I recalled Alan’s saying today when I realized that I’d been in such a hurry to finish my novel that I’d written a bunch of crap in the last two thousand words or so. What to do? I’ll chunk those words into my “slush” file and try again. It won’t be the first time I’ve had to take that action, but hopefully the last time. For this novel, anyway.
Normally Scout can be found acting as Studly Doright’s home office co-worker, and I have to work alone. We’ve decided she’s the head of Human Resources here at Doright Manor, and considers Studly to be more of an HR problem than I am.
Today, though, she’s been supervising my work. I’m not sure if it’s because she knows I’m coming to the end of the novel I’m writing and is trying to encourage me, or if she’s making sure I don’t slack off. Either way, she’s been sitting and staring at me for a good fifteen minutes. It’s kind of freaking me out.
Yesterday I started writing around 7:30 a.m. Two of my main characters were in a tough spot. One was dealing with something her daughter had just confessed while the other was attempting to reassure her without offering platitudes.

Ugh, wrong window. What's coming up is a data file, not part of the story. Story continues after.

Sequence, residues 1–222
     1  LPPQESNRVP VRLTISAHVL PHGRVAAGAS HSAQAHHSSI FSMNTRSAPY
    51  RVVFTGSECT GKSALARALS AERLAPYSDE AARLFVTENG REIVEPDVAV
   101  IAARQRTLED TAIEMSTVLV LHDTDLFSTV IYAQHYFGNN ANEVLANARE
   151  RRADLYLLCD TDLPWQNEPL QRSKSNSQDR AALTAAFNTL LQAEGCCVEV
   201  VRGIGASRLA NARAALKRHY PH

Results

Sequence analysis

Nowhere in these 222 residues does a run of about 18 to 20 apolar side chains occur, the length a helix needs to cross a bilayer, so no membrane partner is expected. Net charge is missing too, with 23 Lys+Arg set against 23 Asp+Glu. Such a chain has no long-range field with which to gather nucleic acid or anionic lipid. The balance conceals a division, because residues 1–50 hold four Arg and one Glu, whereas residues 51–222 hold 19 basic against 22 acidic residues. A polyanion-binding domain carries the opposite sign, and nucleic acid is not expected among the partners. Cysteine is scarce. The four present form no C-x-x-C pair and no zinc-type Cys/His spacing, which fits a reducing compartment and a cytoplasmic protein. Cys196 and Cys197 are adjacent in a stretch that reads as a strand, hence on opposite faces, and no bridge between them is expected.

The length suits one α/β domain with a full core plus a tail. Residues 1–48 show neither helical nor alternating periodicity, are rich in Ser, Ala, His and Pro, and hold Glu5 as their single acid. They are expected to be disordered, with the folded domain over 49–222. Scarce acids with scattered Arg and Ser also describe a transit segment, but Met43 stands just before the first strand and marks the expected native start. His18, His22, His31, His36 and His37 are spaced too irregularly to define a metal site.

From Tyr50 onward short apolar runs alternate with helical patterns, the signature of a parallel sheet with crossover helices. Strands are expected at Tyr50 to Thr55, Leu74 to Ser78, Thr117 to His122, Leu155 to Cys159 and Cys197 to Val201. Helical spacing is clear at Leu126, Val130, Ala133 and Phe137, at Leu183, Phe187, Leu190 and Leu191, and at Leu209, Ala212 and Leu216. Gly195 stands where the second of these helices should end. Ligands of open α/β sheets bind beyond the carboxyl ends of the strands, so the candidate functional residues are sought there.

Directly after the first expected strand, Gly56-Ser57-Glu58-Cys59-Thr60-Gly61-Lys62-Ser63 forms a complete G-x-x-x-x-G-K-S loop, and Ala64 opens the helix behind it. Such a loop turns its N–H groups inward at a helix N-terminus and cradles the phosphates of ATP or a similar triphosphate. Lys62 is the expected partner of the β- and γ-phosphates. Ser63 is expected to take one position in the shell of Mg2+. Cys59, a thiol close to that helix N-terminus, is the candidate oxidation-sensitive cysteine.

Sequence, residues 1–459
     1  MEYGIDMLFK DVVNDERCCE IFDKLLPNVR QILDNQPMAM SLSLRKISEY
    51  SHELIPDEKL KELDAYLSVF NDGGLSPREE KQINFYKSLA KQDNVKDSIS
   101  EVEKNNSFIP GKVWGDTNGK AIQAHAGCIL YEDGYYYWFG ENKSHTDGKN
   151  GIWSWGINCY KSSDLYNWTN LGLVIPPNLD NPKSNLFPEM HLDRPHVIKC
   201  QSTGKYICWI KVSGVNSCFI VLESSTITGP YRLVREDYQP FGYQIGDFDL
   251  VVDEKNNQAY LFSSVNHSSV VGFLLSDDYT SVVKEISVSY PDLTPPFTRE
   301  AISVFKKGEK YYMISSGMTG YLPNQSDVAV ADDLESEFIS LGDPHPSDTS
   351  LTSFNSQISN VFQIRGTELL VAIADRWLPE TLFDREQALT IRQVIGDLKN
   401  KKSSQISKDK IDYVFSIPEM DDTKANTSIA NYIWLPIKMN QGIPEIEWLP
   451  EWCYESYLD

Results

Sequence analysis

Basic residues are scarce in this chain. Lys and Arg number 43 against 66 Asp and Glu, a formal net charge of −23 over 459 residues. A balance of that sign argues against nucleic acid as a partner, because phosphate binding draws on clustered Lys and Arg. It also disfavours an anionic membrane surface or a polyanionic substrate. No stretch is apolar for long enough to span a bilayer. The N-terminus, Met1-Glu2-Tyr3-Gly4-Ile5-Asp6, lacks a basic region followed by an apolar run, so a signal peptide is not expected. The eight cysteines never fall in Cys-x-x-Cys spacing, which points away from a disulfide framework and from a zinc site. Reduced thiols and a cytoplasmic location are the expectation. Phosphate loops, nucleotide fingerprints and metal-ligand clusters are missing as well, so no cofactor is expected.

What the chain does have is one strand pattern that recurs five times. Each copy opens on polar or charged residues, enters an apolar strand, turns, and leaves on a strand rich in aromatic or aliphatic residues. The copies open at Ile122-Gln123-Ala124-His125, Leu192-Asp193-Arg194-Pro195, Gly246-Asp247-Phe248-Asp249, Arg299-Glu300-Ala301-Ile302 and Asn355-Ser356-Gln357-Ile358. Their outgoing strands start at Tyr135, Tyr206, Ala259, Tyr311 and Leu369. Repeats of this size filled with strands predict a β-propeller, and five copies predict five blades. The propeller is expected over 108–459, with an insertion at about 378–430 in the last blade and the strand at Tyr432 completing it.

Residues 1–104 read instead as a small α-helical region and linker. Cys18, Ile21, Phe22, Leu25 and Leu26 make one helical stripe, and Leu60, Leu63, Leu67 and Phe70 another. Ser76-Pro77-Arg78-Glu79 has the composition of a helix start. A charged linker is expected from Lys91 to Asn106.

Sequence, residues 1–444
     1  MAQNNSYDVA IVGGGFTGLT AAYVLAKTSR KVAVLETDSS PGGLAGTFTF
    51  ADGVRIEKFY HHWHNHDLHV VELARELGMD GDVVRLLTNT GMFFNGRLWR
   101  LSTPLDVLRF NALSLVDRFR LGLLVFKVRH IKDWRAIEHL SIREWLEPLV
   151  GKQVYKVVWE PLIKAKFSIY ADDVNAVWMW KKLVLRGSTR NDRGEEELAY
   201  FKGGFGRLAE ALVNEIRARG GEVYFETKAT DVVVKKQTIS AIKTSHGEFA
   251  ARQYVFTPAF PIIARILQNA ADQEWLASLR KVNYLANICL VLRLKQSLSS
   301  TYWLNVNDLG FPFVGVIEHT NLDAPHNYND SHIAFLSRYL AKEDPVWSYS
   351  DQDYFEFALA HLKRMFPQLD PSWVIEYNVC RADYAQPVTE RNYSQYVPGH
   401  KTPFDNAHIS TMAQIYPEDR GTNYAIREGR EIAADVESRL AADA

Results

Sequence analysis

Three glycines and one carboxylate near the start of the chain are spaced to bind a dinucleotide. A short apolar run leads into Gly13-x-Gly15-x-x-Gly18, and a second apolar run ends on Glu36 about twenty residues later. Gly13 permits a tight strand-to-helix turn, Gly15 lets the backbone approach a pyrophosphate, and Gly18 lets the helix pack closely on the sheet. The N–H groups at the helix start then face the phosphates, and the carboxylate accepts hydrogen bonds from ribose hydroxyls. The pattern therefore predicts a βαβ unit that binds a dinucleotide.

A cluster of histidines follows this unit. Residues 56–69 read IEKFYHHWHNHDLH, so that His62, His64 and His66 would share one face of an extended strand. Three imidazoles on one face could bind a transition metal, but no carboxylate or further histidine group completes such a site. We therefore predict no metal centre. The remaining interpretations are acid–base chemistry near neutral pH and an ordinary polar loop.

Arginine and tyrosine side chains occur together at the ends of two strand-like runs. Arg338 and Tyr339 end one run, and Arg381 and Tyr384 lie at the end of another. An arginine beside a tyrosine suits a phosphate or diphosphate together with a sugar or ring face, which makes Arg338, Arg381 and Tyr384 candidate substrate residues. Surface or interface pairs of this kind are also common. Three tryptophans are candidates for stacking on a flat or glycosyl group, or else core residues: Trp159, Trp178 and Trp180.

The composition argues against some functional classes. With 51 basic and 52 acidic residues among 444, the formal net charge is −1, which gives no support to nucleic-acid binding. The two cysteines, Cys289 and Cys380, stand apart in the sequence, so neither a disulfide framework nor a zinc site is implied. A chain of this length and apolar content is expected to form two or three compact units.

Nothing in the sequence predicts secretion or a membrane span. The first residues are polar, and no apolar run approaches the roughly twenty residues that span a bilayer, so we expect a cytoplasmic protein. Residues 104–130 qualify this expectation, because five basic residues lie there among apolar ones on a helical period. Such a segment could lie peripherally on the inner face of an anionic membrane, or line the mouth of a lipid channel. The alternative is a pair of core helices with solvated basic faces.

I worked on their conversation for about an hour and still wasn’t happy with it. So, instead of continuing to pound my head against my keyboard, I went back and read the whole thing from the beginning in an effort to crawl inside their heads in a different way.
The effort paid off and I think I’ve handled the conversation in a thoughtful way. At least it doesn’t sound like I’ve strung a bunch of cliches together. In the end, I managed to write 1,023 words on Wednesday, and I fully expect to finish my book within the next seven days. Eek!
I’ll have a party on that day. Jump up and down, cry, turn cartwheels, drink a glass of wine, and probably write a post about the event. Okay, Studly says no cartwheels, but everything else is good to go.